Hello and Happy Spring… As we thaw out in Maine, I’ve tried to keep my mind on planning events and sharing new crafts, but I can’t seem to shake my anxiety toward the instability in today’s world. I wake up with it and go to sleep with it. What happened? Well we know what happened… wars and changes in many governments and seemingly endless destructive world upheaval that feels completely overwhelming and out of our control.
And the suffering is real… including millions of children worldwide, as well as those foreign-born who happened to want to make America their home in recent years. So many are being dealt an unfair hand. How do we teach our own kids to be world citizens, embrace and share our many cultures and religions, and just be kind and compassionate when they see the daily barrage of exclusion, deprivation and suffering of innocent families that is not only visible, but accepted?
This is a sensitive issue for my family, having a child that IS foreign-born and was immigrated through a smooth and non-discriminatory process to live the American dream. We can’t give up on believing everyone can do better, take action, and somehow change the course of our future. Shouldn’t this country set the example for the world stage?
Ok, sigh, now on to happier stuff…. Duanwu Festival time! This year the holiday celebrating the legacy of the Chinese poet and scholar Qu Yuan falls early-ish on May 30th so make your plans! This is a great time to get outside and find where there might be dragon boat races near you. Often they are pushed forward to the summer and I’ve linked a few in the New England area below:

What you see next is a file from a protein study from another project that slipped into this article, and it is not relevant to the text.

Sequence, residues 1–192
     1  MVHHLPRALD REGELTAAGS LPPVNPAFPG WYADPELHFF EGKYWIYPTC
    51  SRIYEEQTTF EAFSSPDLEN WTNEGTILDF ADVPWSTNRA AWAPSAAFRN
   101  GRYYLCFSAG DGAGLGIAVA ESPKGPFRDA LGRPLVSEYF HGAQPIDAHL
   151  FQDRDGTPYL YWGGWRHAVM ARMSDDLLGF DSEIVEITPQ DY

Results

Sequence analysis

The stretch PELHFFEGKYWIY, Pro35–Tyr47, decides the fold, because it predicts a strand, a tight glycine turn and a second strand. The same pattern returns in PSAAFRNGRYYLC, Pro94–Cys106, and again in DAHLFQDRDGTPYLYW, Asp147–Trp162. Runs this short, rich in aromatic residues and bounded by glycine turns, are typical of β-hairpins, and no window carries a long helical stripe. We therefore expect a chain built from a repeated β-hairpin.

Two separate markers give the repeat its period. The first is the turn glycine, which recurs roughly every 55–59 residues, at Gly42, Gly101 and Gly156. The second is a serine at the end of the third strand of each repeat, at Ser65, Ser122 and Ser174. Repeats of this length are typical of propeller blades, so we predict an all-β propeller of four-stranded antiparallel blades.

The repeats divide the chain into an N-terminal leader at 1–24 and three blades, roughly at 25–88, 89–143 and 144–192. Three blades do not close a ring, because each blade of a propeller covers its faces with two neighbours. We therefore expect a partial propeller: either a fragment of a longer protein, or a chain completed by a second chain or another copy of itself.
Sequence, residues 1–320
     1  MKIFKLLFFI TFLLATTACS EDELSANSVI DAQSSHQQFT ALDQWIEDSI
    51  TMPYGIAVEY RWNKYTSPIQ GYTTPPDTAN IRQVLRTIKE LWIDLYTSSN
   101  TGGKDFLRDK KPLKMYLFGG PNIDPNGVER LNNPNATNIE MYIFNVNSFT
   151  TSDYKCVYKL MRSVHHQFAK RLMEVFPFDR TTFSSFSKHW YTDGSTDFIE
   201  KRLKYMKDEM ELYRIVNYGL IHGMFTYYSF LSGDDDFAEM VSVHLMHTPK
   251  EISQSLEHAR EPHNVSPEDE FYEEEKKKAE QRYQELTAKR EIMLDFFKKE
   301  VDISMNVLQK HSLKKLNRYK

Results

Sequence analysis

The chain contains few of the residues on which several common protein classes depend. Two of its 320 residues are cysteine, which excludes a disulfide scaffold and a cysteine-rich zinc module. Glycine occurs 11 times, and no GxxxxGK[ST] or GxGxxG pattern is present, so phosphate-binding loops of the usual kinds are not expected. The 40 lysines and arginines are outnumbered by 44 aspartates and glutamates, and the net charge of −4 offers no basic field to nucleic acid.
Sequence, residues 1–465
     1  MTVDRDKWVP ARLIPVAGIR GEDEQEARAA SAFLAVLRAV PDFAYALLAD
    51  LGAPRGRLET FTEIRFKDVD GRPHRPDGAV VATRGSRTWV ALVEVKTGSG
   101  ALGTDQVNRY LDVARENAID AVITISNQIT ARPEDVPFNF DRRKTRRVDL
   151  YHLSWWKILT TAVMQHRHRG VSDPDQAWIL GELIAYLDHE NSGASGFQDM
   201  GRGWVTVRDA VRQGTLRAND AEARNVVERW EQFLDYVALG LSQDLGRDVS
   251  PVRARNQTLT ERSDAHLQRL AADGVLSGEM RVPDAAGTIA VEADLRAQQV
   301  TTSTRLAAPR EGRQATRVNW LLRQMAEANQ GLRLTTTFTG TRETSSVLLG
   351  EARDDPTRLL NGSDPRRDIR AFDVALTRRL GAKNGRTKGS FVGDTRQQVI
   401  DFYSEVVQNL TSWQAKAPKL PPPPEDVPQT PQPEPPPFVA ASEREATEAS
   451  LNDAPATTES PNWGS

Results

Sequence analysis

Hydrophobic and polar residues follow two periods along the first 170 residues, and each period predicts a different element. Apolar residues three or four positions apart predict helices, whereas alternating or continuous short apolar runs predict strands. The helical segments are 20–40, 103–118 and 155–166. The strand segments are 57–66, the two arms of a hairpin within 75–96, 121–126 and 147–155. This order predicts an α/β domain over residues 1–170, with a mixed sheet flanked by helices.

You can also check out my Pinterest pages with lots of great pins of dragon craft activities, Duanwu traditions, and recipes for delicious glutinous rice dumplings (zongzi). The team sport of dragon boat racing is a great example of unification and camaraderie of people from all parts of the globe and different ethnicities. Even if simply enjoyed as a spectator, sharing this kind of cultural event with your family can help us all be shoulder-to-shoulder in appreciating and encouraging diversity in our communities.
Happy Holidays to all my blog friends. Whether you are a teacher, festival organizer, librarian or just a family member interested in Chinese culture and crafting, thank you for checking in! The last couple of months have been busy with all kinds of activities, Lucky Bamboo Crafts events, work with my higher education job, parenting a high school freshman, and of course the unexpected. Jury duty, cleaning up early winter blasts; I’m in ‘ready for anything’ mode for sure!
I’ve posted a free project template for a ‘Year of the Rooster’ lucky money envelope (hongbao). Simply click back to my homepage and enjoy! I’ll be leading Chinese New Year crafts locally with our Portland, ME organization event, as well as with Boston Chinatown Main Street at their Chinese New Year Cultural Village. Although I will not be visiting Peabody Essex Museum this year because of a schedule conflict, I’m making a large dragon head and parade costume for an interactive activity they will offer to their Lunar New Year visitors for the kids to embellish. Then they will parade the dragon. Great idea, Caryn!